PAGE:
The last 10 years has totally changed the way employees feel about their future. Less secure in their jobs, less comfortable with the prospects of Social Security, and less confident in the stock market's potential to create wealth, investors should have changed the way they invest.

Unfortunately, they haven't. While it's not too late to reshape your path toward a rewarding retirement, you've got to make some drastic changes, and you've got to make them now.

You've lost faith
I don't blame you for losing faith in, well, just about everything. The last decade has been flat in the market, our financial system almost imploded, and federal liabilities are at an all-time high. No wonder our confidence is so low. Check out some of these recently released statistics from the Retirement Confidence Survey:

  • 70% of workers are not confident that Social Security will continue to pay benefits equivalent or higher than what retirees receive today.
  • 65% of workers feel the same way about Medicare's ability to provide for them in the future.
  • 25% of workers think that the age they will retire has increased in the past year.

The most shocking figure is that 25% of working Americans have had to mentally adjust their retirement age in the past year. The worst part of this statistic is that in 2008, only two years ago, that figure was only 14%.

The bottom line: The past two years has almost doubled the number of people who feel their age of retirement will increase.

Reading between the lines
The financial collapse of 2008 and the threat of a double-dip recession have caused millions of Americans to fine-tune the age they think they'll retire.

And 12% of people who have adjusted their retirement age attribute it to losses they've incurred in the stock market, while 5% of people are just so uncertain about the stock market that they're unable to stick to their current retirement plan.

What this tells me is that investors didn't have adequate investment strategies that could successfully deal with an extreme recession, and now that they've been burned, many are too scared to jump back in. Unfortunately, that's the worst conclusion a person can arrive at. What investors need to do is get back in the market, as Treasuries and savings accounts will never provide the wealth that an individual stock can. On the other hand, they need to purchase stocks that make sense given their current attitude toward the market, yet still have all the money-making potential that we've come to expect from buying equities.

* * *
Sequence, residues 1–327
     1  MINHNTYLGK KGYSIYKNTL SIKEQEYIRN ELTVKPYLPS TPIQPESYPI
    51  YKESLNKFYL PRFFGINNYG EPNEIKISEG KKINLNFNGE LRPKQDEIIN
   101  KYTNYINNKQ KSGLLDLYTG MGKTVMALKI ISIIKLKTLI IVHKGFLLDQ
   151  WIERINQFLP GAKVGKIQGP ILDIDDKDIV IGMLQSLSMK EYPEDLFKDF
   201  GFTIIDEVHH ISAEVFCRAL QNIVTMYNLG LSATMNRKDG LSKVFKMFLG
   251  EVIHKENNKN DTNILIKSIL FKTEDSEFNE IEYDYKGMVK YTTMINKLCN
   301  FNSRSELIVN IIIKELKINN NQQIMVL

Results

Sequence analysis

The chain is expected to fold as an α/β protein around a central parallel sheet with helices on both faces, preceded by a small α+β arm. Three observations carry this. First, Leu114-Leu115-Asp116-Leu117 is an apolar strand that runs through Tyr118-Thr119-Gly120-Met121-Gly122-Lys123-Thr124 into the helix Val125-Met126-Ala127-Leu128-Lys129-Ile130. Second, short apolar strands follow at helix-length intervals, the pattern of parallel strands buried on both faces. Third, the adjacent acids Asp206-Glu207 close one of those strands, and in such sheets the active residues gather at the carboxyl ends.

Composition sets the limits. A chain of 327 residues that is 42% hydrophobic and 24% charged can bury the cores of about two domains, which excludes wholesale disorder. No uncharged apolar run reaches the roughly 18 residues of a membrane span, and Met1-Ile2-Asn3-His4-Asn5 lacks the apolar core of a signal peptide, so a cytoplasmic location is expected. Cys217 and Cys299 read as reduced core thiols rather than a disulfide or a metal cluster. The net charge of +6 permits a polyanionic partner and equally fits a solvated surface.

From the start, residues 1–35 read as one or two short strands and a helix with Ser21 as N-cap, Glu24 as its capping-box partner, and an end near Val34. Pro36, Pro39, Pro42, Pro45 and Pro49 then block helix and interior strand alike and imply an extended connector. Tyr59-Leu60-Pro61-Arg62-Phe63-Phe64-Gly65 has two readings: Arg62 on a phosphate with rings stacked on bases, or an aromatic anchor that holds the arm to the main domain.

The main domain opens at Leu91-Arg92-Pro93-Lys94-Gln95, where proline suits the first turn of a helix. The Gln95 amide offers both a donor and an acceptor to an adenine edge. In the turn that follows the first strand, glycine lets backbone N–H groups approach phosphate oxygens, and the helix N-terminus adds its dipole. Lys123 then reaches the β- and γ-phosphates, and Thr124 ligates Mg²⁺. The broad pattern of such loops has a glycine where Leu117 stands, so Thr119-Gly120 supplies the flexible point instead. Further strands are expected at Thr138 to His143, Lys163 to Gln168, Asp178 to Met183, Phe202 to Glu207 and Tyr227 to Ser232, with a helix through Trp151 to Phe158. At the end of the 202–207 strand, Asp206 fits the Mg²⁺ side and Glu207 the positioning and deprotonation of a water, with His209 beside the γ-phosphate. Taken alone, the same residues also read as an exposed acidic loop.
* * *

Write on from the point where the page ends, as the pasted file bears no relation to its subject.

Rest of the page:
To help you jump back in the market and regain the confidence that has been shaken over the past two years, I've found five stocks that I think will fit the bill. They are all dividend stocks -- this is important as dividend stocks not only provide you with current income, but also have a proven track record of outperforming non-dividend-paying stocks. In addition, these stocks have all grown their dividends over the past five years, which was no easy task considering the rough few years we've had. Lastly, I looked for stocks with low betas, which ensures that volatility will be low and you won't see outrageous swings in the prices of your stocks. Here is a list of the five I felt would perform well whether we're in a booming market or a recession:

Company

Industry

Dividend Yield

5-Year Dividend Growth

5-Year Beta

Annaly Capital (NYSE: NLY)

Diversified REIT

15.6%

8.9%

0.4

Copano Energy (Nasdaq: CPNO)

Oil & gas pipelines

8.4%

33.9%

0.9

Kinder Morgan Energy (NYSE: KMP)

Oil & gas pipelines

6.4%

7.2%

0.3

Reynolds American (NYSE: RAI)

Consumer goods

6.4%

13.4%

0.6

Exelon (NYSE: EXC)

Utility provider

5.1%

6.9%

0.6

Source: Capital IQ, a division of Standard & Poor's.

Not only do these companies have great track records of success in the market and consistency paying out fat dividends, but they're all incredibly recessionary-proof. The oil and gas pipeline providers typically operate with long-term contracts that are based on volume of natural gas, not price, so they are not terribly vulnerable to commodity swings. Kinder Morgan has often been thought of as the darling of the energy MLPs; however, if you're looking for a newer company with more acquisition exposure, check out Linn Energy (Nasdaq: LINE). Reynolds American sells cigarettes, and that is one product that has illustrated its staying power as well as any. Its major competitor, Altria Group (NYSE: MO), also pays a sweet 6.2% dividend and has an overall lock-down on the market with its more-than-favorable brand supremacy.

Rest easy with this strategy
There's no doubt that investors have been fearful to jump back into the market, and now that the recovery seems to be stalling, it's almost natural to want to recede into the background. But in order to keep that retirement age steady, you've got to increase your wealth, and savings accounts or bond funds just aren't going to cut it.

Invest in stocks -- particularly, dividend-paying stocks -- and choose companies that have low volatility. This way you'll be able to sleep well at night knowing your invested the market, but you're doing it in the safest, most practical way possible. Don't waste any more time losing confidence. Start your new investment strategy today.

Do you disagree with the five companies I've listed above? Don't think they're a good place to start for someone fearful of the market? Let me hear it in the comments below!

Jordan DiPietro owns shares of Exelon, which is a Motley Fool Inside Value choice. The Fool owns shares of Altria Group, Exelon, and Annaly Capital Management. Try any of our Foolish newsletter services free for 30 days. The Motley Fool has a disclosure policy.